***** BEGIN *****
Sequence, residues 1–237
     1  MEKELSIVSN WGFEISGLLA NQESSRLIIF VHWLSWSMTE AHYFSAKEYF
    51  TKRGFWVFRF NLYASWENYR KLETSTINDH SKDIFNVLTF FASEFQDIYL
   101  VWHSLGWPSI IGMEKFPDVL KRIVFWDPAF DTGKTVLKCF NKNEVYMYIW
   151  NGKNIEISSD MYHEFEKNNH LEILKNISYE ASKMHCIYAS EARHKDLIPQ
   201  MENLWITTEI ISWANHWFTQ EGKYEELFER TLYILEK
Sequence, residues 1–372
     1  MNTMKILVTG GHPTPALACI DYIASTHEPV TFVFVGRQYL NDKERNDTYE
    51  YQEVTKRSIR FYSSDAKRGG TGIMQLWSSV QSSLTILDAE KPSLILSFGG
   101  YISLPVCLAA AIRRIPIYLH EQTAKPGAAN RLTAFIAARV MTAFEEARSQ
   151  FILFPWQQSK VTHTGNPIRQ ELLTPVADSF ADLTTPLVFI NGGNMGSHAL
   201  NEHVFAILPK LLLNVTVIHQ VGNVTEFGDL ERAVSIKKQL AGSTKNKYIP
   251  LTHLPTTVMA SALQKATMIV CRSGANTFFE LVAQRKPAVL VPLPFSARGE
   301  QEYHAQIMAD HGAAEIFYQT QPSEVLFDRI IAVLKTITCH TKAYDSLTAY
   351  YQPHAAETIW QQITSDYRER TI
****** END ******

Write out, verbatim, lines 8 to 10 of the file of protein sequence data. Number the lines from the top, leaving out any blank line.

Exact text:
     1  MNTMKILVTG GHPTPALACI DYIASTHEPV TFVFVGRQYL NDKERNDTYE
    51  YQEVTKRSIR FYSSDAKRGG TGIMQLWSSV QSSLTILDAE KPSLILSFGG
   101  YISLPVCLAA AIRRIPIYLH EQTAKPGAAN RLTAFIAARV MTAFEEARSQ